9 RESIDENT HAND FLORA (commensals)  can rapidly become highly pathogenic  can cause infection when introduced via skin breaks - ‘invasiveness’  protective function  survive & multiply on skin  not easily removed by mechanical washing  inactivated by topical antimicrobial agents

10 RESIDENT MICRO-ORGANISMS  Coagulase negative staphylococci e.g. Staphylococcus epidermidis  Diphtheroids  Anaerobic cocci  Propionibacteria

11 Microbial counts usually increase in warm, moist conditions  under gloves  beneath rings All micro-organisms found on hands are capable of colonising susceptible sites e.g. wounds, intravascular devices Multiplication of micro-organisms at susceptible sites may lead to local/systemic infection

12 HANDWASHING TECHNIQUES MECHANICAL  removes soil and debris with abrasive action CHEMICAL  use of antimicrobials to destroy or suppress both transient and resident micro-organisms  chemical agents are:  cidal  static

13 TYPES OF HANDWASHING TECHNIQUES Hand antisepsisRemove or destroyAntimicrobial (hygienic)transientsoap/detergent micro-organismsor alcohol based hand-rub for at least seconds TYPEOBJECTIVEMETHOD HandwashRemoval of soil/dirtSoap or detergent (social/routine)and transient micro-for at least organismsseconds (refer to 6 stage technique) Surgical handscrubRemove or destroyAntimicrobial soap/ transient micro-detergent with brush organisms to achieve friction Reduce resident florafor at least 120 seconds OR alcohol-based hand-rub for at least 20 seconds

14 SIX STAGE HANDWASHING TECHNIQUE 1 palm to palm 4 fingertips 2 backs of hands 5thumbs and wrists 3 interdigital spaces 6 nails Reproduced with kind permission of the Nursing Standard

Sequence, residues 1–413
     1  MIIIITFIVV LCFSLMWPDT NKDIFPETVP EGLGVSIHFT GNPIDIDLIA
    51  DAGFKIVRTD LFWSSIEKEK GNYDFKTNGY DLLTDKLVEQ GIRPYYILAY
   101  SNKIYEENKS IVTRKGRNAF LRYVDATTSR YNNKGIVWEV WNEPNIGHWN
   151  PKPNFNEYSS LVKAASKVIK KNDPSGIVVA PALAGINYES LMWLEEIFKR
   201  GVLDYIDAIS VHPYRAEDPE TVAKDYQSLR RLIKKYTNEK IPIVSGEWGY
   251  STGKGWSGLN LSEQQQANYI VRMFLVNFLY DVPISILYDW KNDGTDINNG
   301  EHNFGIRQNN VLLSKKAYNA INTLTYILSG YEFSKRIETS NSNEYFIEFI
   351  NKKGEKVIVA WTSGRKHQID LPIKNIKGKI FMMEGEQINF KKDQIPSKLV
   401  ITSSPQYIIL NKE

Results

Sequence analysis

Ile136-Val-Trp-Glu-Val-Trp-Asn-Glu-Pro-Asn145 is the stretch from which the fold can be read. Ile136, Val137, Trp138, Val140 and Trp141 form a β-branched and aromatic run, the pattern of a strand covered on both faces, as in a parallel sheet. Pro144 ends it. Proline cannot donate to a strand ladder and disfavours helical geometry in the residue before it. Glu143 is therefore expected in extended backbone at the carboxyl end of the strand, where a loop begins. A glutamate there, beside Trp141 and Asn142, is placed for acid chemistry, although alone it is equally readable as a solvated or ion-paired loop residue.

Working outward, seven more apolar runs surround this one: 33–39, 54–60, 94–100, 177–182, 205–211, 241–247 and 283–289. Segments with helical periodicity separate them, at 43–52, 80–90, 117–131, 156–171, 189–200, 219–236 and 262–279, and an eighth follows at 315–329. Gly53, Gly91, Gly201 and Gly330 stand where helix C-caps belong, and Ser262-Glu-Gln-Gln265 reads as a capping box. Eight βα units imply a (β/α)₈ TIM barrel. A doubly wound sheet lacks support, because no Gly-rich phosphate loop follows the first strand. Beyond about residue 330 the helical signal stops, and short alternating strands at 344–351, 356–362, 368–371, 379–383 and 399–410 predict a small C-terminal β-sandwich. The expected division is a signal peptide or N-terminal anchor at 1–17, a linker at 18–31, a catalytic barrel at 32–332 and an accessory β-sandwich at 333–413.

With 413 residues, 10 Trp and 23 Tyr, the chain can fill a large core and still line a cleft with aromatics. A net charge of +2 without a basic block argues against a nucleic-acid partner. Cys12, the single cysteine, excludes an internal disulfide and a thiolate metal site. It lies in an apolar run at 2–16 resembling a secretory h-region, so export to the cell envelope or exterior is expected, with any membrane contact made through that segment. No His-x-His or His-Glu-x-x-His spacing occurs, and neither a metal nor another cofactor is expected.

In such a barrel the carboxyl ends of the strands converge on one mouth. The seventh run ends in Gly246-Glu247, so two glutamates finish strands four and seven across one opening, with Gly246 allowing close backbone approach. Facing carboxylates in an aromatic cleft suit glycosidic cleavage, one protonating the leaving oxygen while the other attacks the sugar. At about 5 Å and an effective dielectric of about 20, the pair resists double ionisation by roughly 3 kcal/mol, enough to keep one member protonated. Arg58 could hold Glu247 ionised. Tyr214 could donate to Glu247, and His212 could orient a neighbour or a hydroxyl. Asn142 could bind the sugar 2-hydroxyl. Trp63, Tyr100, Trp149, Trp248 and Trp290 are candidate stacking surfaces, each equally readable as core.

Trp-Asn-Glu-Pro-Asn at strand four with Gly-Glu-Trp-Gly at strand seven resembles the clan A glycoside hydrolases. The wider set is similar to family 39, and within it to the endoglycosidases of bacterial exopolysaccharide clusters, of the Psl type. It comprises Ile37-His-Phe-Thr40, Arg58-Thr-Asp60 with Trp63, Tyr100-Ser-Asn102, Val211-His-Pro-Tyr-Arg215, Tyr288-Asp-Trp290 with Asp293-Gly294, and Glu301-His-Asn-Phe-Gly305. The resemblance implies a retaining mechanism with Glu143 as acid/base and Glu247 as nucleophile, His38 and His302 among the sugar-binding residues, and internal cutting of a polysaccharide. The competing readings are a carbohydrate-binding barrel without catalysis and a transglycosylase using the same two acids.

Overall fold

15 OPTIMUM HANDWASHING TECHNIQUE (social/hygienic) remove all jewellery and roll back sleeves wet hands under running water apply soap to all areas of hands rub hands together vigorously, thoroughly cleansing all surfaces* for seconds (approx 5 strokes backwards & forwards for each area) keep hands lower than elbows and do not touch equipment e.g.taps rinse hands thoroughly under running water dry hands thoroughly using paper towels * use in conjunction with 6 stage technique

16 SURGICAL SCRUB TECHNIQUE remove all jewellery wet hands under running water wash hands to remove soil / debris using antimicrobial agent and nail sponge / brush, clean around finger nails. Discard sponge / brush. scrub all surfaces* of hands, wrists & forearms up to elbows keep hands higher than elbows once an area has been cleaned, do not return to the cleaned area again rinse hands and arms thoroughly, keeping hands high dry all areas thoroughly with sterile cloth / towel if there is any contact with unsterile surfaces during scrubbing, restart entire procedure *use 6 stage technique

17 AREAS MISSED DURING HANDWASHING Reference: Taylor L. (1978)

18 WHICH WASH WHEN?

19 HAND DRYING wet surfaces:  encourage microbial multiplication  transfer micro-organisms more effectively high risk of contamination:  communal hand towels  roller towels warm air dryers:  cycle times often inadequate  can be a source of cross-infection  research is scanty

20 USE OF GLOVES massive increase in use in recent years gloves are not a substitute for handwashing hand contamination is possible during glove removal handwashing after glove removal is essential and also before sterile glove use hypersensitivity to latex is increasing and powder- free gloves should always be used gloves must be changed: between clean and dirty tasks between patients